On May 16, 2010, the Detroit Tigers called up a then 24-year-old infielder named Danny Worth to take the place of a struggling Scott Sizemore. At the time, Brandon Inge was still the Tigers’ starting third baseman, Brennan Boesch was looking like he was going to be a mainstay in the Motor City for the next decade, and Johnny Damon was buying his teammates matching bathrobes embroidered with the Old English D on the front. Remember those days?
A lot has changed in the last four years, but one thing has remained the same: Worth is still trying to prove to the Tigers that he is worthy of holding down a big league job. Since his aforementioned debut in 2010, Worth has been bouncing up and down between the big leagues and the minor leagues more times than a superball.
To make matters worse, things seemed to reach an all-time low for him in 2013. After being the final roster cut in Spring Training of last season, Worth suffered an injury in the minor leagues and ended up batting only .220 while splitting time between triple-A Toledo and class-A advanced Lakeland. He eventually received a September call-up, but he was only given two at-bats and struck out in one of them.
This spring, though, Worth seemed to come to camp with a great attitude. Worth put together a stellar Spring Training campaign in which he batted .302 with a homer and 10 RBIs, blowing away his in-house competition of Hernan Perez and Eugenio Suarez, who were vying for the Tigers’ shortstop vacancy along with him. It could very easily be argued that Worth deserved to head north as the Tigers’ starting shortstop, but once again, he was denied.
Instead of giving the job to Worth, the Tigers swung a trade with the Los Angeles Angels to bring in Andrew Romine, a slick-fielding 28-year-old infielder who only had 152 big league at-bats on his resume. A few days later, the Tigers made another trade with the Baltimore Orioles to bring in Alex Gonzalez, the one-time starting shortstop of the 2003 World Champion Florida Marlins, who was now 37 years old and proved to have the range of Ty Cobb‘s statue. It turned out that Gonzalez didn’t have much of a bat anymore either.
However, Worth, who should be nicknamed Mr. Resilience, went down to triple-A and began ripping the cover off of the ball. On Apr. 20, Worth was rewarded with a call-up after Gonzalez was released after playing in only nine games. With the exception of a forgettable three-strikeout performance last Friday against the Boston Red Sox at Fenway Park, Worth has been a very solid contributor for the Tigers since joining the team. He has made zero errors in 71.2 innings at shortstop and he is currently batting .259, which is .80 points higher than what Romine is hitting.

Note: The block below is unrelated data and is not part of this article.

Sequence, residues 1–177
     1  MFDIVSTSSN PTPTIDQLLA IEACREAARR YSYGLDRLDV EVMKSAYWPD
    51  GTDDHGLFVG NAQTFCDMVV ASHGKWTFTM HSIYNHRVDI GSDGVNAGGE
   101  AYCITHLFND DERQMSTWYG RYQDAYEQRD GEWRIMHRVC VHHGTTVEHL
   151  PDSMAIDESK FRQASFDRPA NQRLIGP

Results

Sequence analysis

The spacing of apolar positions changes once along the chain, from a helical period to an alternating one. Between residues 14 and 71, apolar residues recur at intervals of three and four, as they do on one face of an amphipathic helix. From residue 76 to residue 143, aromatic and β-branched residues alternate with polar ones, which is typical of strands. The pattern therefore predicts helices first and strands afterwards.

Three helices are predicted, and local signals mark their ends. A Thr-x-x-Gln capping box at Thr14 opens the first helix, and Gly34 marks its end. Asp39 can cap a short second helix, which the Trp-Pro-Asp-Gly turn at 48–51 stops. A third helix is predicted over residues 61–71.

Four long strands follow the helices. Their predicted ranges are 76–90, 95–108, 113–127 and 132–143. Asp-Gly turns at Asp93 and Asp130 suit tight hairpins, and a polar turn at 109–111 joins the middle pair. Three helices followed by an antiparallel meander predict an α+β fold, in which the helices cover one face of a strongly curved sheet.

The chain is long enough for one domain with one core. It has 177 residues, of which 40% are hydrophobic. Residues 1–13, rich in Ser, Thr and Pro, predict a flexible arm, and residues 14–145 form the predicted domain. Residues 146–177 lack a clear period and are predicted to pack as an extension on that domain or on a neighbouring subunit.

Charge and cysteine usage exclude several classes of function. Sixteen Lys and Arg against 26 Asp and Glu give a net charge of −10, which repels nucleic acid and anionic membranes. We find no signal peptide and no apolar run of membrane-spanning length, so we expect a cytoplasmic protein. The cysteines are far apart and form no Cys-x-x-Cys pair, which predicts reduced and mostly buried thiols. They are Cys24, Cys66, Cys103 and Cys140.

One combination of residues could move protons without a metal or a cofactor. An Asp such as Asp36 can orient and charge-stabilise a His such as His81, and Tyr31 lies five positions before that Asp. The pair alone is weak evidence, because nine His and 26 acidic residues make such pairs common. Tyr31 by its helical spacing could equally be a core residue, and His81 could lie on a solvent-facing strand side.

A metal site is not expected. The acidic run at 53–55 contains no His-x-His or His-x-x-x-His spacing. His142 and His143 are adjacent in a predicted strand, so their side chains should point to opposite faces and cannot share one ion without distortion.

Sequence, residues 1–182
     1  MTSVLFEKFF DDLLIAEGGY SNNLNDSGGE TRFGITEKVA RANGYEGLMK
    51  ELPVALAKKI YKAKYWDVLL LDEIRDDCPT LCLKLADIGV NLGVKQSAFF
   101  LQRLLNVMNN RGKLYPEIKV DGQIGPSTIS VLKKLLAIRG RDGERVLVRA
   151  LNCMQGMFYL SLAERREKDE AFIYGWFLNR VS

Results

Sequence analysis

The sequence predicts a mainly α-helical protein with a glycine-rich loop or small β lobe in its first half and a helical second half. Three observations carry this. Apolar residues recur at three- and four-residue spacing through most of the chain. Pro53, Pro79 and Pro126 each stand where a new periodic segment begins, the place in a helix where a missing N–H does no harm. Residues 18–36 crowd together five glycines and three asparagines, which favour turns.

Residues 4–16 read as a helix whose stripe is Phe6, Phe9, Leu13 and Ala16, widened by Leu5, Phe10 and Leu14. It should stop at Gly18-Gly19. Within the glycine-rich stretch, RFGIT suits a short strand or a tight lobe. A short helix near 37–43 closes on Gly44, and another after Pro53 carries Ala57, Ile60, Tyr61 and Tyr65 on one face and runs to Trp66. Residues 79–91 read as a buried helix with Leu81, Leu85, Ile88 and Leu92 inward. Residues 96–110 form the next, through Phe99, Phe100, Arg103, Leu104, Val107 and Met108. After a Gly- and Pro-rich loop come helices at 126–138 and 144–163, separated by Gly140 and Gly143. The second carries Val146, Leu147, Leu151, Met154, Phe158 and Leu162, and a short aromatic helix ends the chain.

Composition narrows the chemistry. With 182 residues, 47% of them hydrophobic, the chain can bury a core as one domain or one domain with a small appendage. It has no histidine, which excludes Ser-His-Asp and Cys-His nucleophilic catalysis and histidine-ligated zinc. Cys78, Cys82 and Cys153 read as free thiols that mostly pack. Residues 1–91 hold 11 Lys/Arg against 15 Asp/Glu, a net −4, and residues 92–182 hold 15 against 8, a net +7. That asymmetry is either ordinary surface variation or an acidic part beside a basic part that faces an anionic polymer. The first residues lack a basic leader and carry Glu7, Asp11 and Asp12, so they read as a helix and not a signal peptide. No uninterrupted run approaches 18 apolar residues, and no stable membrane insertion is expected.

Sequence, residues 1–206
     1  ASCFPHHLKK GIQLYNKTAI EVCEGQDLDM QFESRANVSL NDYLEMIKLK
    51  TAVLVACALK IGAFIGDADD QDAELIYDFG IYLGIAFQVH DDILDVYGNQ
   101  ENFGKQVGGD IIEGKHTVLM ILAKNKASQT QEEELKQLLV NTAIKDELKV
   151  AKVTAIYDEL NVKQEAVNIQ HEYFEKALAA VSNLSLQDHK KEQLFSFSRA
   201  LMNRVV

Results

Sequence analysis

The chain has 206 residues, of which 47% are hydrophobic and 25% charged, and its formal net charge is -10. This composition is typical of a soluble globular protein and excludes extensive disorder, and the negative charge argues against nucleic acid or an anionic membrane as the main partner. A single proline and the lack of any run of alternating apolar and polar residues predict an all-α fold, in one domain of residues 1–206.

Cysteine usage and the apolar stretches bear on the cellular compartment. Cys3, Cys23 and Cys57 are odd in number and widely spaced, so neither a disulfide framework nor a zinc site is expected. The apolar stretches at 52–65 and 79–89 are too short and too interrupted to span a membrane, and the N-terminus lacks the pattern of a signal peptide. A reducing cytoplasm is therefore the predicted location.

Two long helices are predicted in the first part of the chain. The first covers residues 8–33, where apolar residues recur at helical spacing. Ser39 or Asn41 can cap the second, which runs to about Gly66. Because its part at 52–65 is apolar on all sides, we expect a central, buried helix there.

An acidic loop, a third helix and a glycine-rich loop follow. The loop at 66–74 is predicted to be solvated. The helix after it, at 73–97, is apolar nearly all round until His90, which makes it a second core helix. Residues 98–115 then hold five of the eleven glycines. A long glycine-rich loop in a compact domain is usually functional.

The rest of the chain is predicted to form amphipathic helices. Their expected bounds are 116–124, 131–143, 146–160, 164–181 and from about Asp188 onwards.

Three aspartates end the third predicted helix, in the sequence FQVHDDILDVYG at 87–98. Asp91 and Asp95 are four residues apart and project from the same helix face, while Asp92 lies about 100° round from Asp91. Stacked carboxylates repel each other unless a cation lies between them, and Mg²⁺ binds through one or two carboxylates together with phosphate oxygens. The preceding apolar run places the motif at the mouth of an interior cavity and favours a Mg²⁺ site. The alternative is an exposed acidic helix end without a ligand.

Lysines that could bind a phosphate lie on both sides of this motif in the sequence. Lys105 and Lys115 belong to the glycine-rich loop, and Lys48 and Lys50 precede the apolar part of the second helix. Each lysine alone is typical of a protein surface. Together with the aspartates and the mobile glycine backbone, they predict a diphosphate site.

Worth might be lacking a bit of Romine’s range at shortstop, and he might not be quite as fancy, but he does have a sound glove and a strong throwing arm as evidenced by his 1.000 fielding percentage. If the Tigers do decide to begin plugging Worth in at short more frequently, they will not be losing that much on the defensive end and he will likely give them a better bat than Romine can provide.
If Romine’s offensive woes continue, it is not out of the realm of possibility that Worth could end up getting the majority of the reps at shortstop. After all, what other options do the Tigers have at this point? Signing Stephen Drew is no longer a possibility, and Perez is batting just .244 in Toledo. Suarez is having a nice season in double-A Erie, but he showed signs in Spring Training that he may still be a little raw for the big leagues.
If Worth became the Tigers’ everyday shortstop, it is not inconceivable that he could hit .250-.270 with doubles power, which is about what Drew would have given the Tigers — though he would have been providing it from the left side of the plate. Nobody would lose any sleep over Worth’s defense either.
If Worth is eventually rewarded with a starting gig after being overlooked and passed over so many times, it will be one of the greatest underdog stories of the season.